'If the shoe fits' is a study to discover how shoes can contribute to our identity.
Jenny Hockey, Emeritus Professor of Sociology at the University of Sheffield, is heading
a team trying to unearth how and why shoes play such an important role in our lives.
Exclusively for Comfort Club readers she gives a glimpse into the project.
Unforgettable Shoes
Shoes are currently high profile in advertising and play an important role in popular culture, folklore and fairy tales. Just think of Cinderella's glass slipper, Dorothy's red shoes in the Wizard of Oz and the 'power' represented by the designer heels in Sex and the City.

And in real life shoes can feature within many everyday transitions - for example baby to toddler, from work to leisure activities or because of certain health conditions. Our project makes shoes a starting point for examining how people's identities can develop and move forward on a daily basis and throughout the course of their lives. When we are growing into a new life and we move on, as we always do, the shoes we wear or buy at that time can become part of the transition and they become unforgettable. They're the ones we still keep in the back of our wardrobe.

The team has been working with more than 80 people across the UK, looking at their earliest, and continuing, memories of footwear. One of the women in our research was Luna who went to Japan after a long term relationship broke up. She vividly recalled the time when, having overcome the pain, she returned to the UK and "the first pair of shoes I bought were those ballet ones, so maybe that was the start of something new. I won't get rid of them now even though I'll probably never wear them again."
"Slip-ons were a sought after shoe, I got a brown pair with a folded back and slashed vamp. I wore them the day I finally swam 14 yards across the pool and the day I passed the 11+. They became my lucky shoes."
Professor Jenny Hockey

Some women recalled the thrill of buying court shoes as a teenager; saving up 'six and 11' and being allowed to wear them for the first time or, in one case, being told by dad not to wear them as he thought they were too 'fast' and 'flash'. Other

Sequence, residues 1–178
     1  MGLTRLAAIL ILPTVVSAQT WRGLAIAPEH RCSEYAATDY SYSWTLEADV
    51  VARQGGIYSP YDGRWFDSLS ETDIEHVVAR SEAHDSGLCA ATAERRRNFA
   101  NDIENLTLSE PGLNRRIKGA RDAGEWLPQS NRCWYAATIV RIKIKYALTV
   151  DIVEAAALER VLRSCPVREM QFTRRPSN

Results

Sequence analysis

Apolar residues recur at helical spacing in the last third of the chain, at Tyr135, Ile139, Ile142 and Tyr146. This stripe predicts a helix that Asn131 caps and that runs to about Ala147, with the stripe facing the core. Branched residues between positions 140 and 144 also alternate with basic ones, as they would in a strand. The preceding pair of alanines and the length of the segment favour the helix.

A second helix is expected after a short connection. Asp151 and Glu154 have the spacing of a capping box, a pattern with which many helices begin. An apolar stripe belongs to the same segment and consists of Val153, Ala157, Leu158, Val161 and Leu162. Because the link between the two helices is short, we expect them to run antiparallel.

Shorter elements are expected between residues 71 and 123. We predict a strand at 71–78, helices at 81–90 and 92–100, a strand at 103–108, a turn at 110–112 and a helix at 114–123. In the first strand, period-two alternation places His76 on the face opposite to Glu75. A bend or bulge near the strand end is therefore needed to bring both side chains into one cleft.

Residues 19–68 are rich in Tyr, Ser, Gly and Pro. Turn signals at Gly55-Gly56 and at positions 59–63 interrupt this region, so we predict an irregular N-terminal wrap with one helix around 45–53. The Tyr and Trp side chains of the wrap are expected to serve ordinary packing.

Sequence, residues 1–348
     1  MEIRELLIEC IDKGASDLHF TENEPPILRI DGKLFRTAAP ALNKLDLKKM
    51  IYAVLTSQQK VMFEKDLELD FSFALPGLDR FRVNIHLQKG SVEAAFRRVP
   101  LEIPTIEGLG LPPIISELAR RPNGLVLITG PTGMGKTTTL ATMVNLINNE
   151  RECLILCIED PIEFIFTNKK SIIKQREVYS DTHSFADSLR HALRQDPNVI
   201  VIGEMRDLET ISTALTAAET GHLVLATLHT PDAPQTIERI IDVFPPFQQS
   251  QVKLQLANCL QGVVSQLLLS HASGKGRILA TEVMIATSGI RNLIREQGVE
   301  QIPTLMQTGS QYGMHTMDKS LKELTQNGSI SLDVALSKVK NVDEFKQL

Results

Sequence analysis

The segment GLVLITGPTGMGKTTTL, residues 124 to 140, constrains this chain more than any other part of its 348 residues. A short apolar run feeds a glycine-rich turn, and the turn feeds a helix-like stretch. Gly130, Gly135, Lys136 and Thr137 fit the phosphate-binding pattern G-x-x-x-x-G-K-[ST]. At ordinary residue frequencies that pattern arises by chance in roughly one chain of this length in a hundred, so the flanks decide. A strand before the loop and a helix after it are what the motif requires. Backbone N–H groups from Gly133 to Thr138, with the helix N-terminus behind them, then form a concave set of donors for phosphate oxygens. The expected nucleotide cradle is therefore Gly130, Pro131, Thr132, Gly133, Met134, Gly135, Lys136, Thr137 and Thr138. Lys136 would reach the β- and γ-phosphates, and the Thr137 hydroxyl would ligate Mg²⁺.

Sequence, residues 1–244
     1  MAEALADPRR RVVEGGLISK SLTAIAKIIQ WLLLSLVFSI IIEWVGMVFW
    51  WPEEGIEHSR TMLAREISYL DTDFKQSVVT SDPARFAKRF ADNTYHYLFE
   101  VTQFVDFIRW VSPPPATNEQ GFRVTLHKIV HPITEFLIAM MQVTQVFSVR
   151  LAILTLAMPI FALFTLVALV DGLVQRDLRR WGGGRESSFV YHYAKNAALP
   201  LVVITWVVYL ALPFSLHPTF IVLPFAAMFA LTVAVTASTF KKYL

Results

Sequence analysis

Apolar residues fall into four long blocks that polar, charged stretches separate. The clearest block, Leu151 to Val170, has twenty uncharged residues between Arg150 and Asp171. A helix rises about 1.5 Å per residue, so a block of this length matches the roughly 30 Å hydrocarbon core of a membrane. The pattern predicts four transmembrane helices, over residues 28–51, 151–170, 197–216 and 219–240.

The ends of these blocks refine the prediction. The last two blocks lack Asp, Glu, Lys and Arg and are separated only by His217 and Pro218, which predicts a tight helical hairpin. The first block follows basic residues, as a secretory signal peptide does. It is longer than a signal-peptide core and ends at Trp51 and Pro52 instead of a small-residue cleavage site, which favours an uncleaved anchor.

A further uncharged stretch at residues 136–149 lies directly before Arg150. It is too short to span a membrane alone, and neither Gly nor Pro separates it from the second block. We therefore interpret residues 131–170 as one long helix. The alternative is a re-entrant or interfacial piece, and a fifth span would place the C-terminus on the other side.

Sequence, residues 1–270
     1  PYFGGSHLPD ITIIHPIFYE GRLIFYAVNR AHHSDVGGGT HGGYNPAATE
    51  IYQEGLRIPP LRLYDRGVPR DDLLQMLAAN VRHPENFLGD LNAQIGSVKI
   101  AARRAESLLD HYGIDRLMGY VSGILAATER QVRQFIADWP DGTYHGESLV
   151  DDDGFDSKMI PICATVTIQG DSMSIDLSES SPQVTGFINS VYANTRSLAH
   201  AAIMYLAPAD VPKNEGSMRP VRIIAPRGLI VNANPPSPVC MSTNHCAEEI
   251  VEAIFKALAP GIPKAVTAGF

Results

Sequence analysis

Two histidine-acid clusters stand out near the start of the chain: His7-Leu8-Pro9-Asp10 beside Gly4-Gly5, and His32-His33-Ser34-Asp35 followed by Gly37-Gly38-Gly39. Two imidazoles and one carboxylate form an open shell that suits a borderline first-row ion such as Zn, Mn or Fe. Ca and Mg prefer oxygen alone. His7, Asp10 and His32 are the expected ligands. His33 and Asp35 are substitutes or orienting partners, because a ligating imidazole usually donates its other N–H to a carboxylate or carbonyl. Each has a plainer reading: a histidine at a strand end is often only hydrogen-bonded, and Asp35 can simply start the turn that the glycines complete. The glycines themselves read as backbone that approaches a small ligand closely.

Project research team, left to right, Alexandra Sherlock, Rachel Dilley and Jenny Hockey. The team is
completed by Victoria Robinson.
men and women wanted to wear shoes they remembered from exciting, youthful days - to move back rather than forward. For others, growing older brought a new freedom from uncomfortable shoes. And one woman bought forty pairs of high heeled shoes to celebrate her 40th birthday.

Jenny and her team have produced a documentary based on the project which follows the story of two of their subjects Sarah and Eva.

You can discover more on the 'Iftheshoefits' blog at www.sheffield.ac.uk
"Shoes also move between people. When my friend bought the wrong size of Hotter walking boots she gave them to me. I didn't think such a light pair could give real comfort out on the fells, but they've taken me on journeys into some of the UK's most beautiful countryside - and changed my mind about buying 'stout boots' that weigh a ton!"
Professor Jenny Hockey
Helena told us: "That almost impossible combo of comfort and style."
Sue said: "The shoes that you forget are on your feet are actually the most unforgettable."
Chris commented: "Coming home from a long day out and not thinking I’ll be glad to get these things off my feet."
Susan thought: "Comfort, style and colour. In that order."
Designer Ellspeth's unforgettable shoes are: "The first paper shoes I made about 7 years ago, they got me noticed by my local craft shop and set off my craft classes."
Tell us, or show us, which pair of shoes is unforgettable to you and we'll pick our favourite to win £100 of Hotter vouchers.
Enter via Facebook, Twitter or by emailing weloveshoes@hotter.com. Competition closes Monday 28th July 2014.